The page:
Currently Being ModeratedOct 12, 2013 1:55 PM (in response to mackiemesser)
In no particular order...
I'm assuming NAT and a private address space is in use here.
Your VPN server can be embedded at the firewall, or can — via port-forwarding at your current firewall — operate on a particular OS X system on your network.
VPNs and NAT work at cross-purposes. VPNs are based on IP networking and strive to identify and maintain connections to the end-points of the connection, where NAT uses IP networking to intentionally obfuscate the end-points of the network connection. Various NAT implementations can disrupt various VPN connections, and particularly L2TP/IPSec connections. In general, PPTP works better around NAT, though it's also less secure than L2TP/IPSec.
Local preference is a firewall-based VPN server, as this avoids having the VPN traverse NAT.
Additionally, local preference selects VPNs that use a stock operating system vendor-provided client and not an add-on or third-party client, and additionally implementing a "standard" VPN, as this hopefully avoids having the third-party VPN client provider decide to no longer support the software. Open source VPN clients are an option here, but few (none) of the open source clients are integrated with the OS; they're not as easy for the end-users.
Both iOS and OS X include integrated support for L2TP/IPSec and PPTP, as well as for a Cisco VPN, and there are third-party VPN clients and VPN servers available.
The target network for the VPN should not be in 192.168.0.0/24 nor 192.168.1.0/24, as these are common choices at many locations, and VPNs are based on IP routing and IP routing doesn't necessarily route the way you might want when the same subnet is in use on both ends of the VPN connection.
There are various discussions of VPN routing around the forums here, and also around the 'net, as well. Given you're going to be supporting this configuration for your customer, I'd encourage doing some research and some reading.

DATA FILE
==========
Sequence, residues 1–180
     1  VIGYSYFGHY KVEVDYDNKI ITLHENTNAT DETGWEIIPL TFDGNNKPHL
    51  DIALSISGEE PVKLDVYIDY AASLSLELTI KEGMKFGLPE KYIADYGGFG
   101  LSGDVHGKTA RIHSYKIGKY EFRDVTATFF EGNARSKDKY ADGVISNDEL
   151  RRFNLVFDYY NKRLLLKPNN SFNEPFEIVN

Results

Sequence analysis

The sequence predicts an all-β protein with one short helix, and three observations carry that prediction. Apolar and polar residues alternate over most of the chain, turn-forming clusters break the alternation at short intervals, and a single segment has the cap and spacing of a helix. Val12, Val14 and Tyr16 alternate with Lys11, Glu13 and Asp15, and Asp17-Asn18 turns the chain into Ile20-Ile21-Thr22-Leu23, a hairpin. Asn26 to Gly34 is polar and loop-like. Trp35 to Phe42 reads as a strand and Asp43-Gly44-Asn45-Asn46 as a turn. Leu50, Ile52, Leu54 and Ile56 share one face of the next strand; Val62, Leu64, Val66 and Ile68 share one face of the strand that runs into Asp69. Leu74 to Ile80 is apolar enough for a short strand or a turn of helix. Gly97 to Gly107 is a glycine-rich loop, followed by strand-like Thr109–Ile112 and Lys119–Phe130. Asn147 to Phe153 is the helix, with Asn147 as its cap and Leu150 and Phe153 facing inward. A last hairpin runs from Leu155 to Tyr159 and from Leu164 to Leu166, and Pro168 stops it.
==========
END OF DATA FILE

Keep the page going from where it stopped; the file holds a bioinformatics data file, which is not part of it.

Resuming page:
Apple is releasing Mavericks "this fall", which will put that old Snow Leopard 10.6.8 system even further back into history and further back from any fixes or security patches, and as good as 10.6.8 is, it's also very old and falling off of support. This given Apple usually supports the current and previous releases. Building a new infrastructure on Snow Leopard wouldn't be my choice. (Locating the VPN server on a server-grade firewall also avoids dependencies on Snow Leopard, obviously.)
I generally prefer to run the AirPort and Time Capsule devices as access points, not as WiFi routers. This particularly helps when there is or will be more than one WiFi widget (router, AP) on the network. Network services are then provided by the gateway device and/or by OS X Server systems or other systems on the network, and not by the AirPort or Time Capsule devices.
4 GB isn't very much memory these days. According to MacTracker, both the 21.5" and 27" models of the Late 2009 iMac systems can support up to 16 GB DDR3 RAM. (Though getting at the memory slots can be somewhat of a projects on some of the recent-vintage smaller iMac systems.)
Currently Being ModeratedOct 12, 2013 4:09 PM (in response to MrHoffman)
tx for the info. guess i'm over my head here. probably also explains why the pos says providing a remote secure connection is my job, not theirs.
i figured that, at least, because the vpn connection would be between os x and ios, i wouldn't have to worry about incompatibilies or third-party issues.
currently there is a firewall in the isp's modem/router which provides minimal functionality including "vpn passthrough" (i assume means port forwarding), and the airport (does the same). both are nat'ting at this point tho' i'm considering setting the modem/router to bridged mode.
i would prefer a new imac (after mavericks is released) so as to avoid the snow leopard / upgrade to mountain lion issue, but i don't think i can convince the owners to put out the cash, i'm kinda stuck with the current hardware. however, point taken, i could probably get them to cover adding memory.